House Republicans Want To Use Unspent COVID Relief Funds In Debt Ceiling Package

House Republicans Want To Use Unspent COVID Relief Funds In Debt Ceiling Package

GOP lawmakers want to rescind unspent pandemic relief funds and apply them towards an eventual bill to resolve the debt ceiling.

According to government estimates, $4.61 trillion has been authorized for Covid-19 relief, while $4.12 trillion of it has been spent – leaving roughly $500 billion in theoretically unspent funds, although a portion of that is currently “obligated” to certain pots of money and may not easily be returned to the US Treasury.

The idea “certainly could” be included in a debt ceiling measure to avert default, said Rep. Tom Cole (R-OK), chair of the Rules Committee.

“I would hope we look at that,” he told NBC News. “It’s something that ought to be on the table.

Ways and Means Committee member Rep. Mike Kelly (R-PA), says he’s open to it, adding that it would be “insane” for Congress not to explore every option to find and eliminate unnecessary spending.

“There’s areas that we should not be spending and where we could actually either reposition or just not spend it, and then bring down our debt,” said Kelly, adding “We can make cuts that don’t hurt people.”

The idea isn’t yet ready for prime time in the GOP-run House, the Democratic-controlled Senate or the White House. But it is the most specific Republicans have gotten in terms of what they’d like to attach to a debt limit hike, a question that GOP lawmakers have been notably vague on, even as they demand spending cuts as a concession to pay the country’s bills. The Treasury Department has set a June 5 deadline for Congress to act or breach the debt limit. –NBC News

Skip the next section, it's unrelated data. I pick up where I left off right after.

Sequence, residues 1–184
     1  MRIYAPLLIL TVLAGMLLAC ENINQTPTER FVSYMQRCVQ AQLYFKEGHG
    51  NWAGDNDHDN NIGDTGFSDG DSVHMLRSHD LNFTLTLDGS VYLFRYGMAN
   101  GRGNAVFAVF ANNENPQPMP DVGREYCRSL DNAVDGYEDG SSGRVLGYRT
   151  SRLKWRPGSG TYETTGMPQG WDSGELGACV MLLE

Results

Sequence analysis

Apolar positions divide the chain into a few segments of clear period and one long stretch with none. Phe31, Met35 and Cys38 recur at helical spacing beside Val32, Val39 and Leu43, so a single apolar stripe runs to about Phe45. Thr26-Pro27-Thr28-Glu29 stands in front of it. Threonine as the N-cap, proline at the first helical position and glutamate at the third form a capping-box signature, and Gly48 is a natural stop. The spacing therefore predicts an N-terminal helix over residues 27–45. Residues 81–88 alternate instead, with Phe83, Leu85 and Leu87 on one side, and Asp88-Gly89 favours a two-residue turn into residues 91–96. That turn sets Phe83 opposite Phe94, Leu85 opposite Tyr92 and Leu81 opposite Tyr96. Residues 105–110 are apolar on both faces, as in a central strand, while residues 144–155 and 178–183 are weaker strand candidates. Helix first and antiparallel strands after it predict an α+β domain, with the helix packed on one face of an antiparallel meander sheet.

Rep. David Schweikert (R-AZ), a member of the Ways and Means Committee, said he likes the idea, but cautioned that it may be difficult to identify and reclaim the unspent money.

“There’s some disputes on what the dollar amounts actually are, and what’s actually technically obligated and what’s not obligated,” he said. “Because we have some states that … put it into their rainy day funds. And there’s specific language that you can’t supplant it. So that’s that sort of thing you’re going to have to dig into and figure out what’s really there.”

On Wednesday, the Oversight Committee held a hearing on federal pandemic spending, during which Rep. Andy Biggs (R-AZ) pressed the Government Accountability Office (GAO) to provide an answer for how much of the pandemic funds is left and not spoken for.

“As of November 2022, there’s about $157 billion unobligated funds,” according to GAO comptroller general, Gene Dodaro.

“Unencumbered, unobligated, unspent?” asked Biggs.

“Right,” Dodaro responded.

On Capitol Hill, some Republicans believe a proposal like tapping excess Covid money could fall into a political sweet spot that adheres to both parties’ red lines on the debt ceiling. It may satisfy GOP demands to cut some spending — though it won’t come close to addressing conservative wishes to balance the budget. It’s the sort of add-on that Democrats may be willing to dismiss as fig leaf, given that it’s unspent money, and especially as President Joe Biden seeks to declare victory against Covid.

The White House said Biden made clear in his Tuesday meeting with Speaker Kevin McCarthy that preventing default is “not negotiable or conditional.” Most Democrats are standing with Biden, insisting that the debt ceiling be lifted without strings attached. -NBC News

Democrats have refused to negotiate on the debt limit – and instead want Republicans to agree to a “clean” bill to raise the debt ceiling, and a separate negotiation on spending cuts.

According to Rep. Rosa DeLauro (D-CT), the top Democrat on the Appropriations Committee, negotiating the debt limit is a “nonstarter,” however she signaled an openness to discussing ideas when it came to sending certain Covid funds back to the Treasury.

“I have to take a look and see what has been obligated, and so forth. I just want to see where that is — so much of that has been obligated,” she said.

Tyler Durden
Fri, 02/03/2023 – 11:08

via ZeroHedge News Tyler Durden

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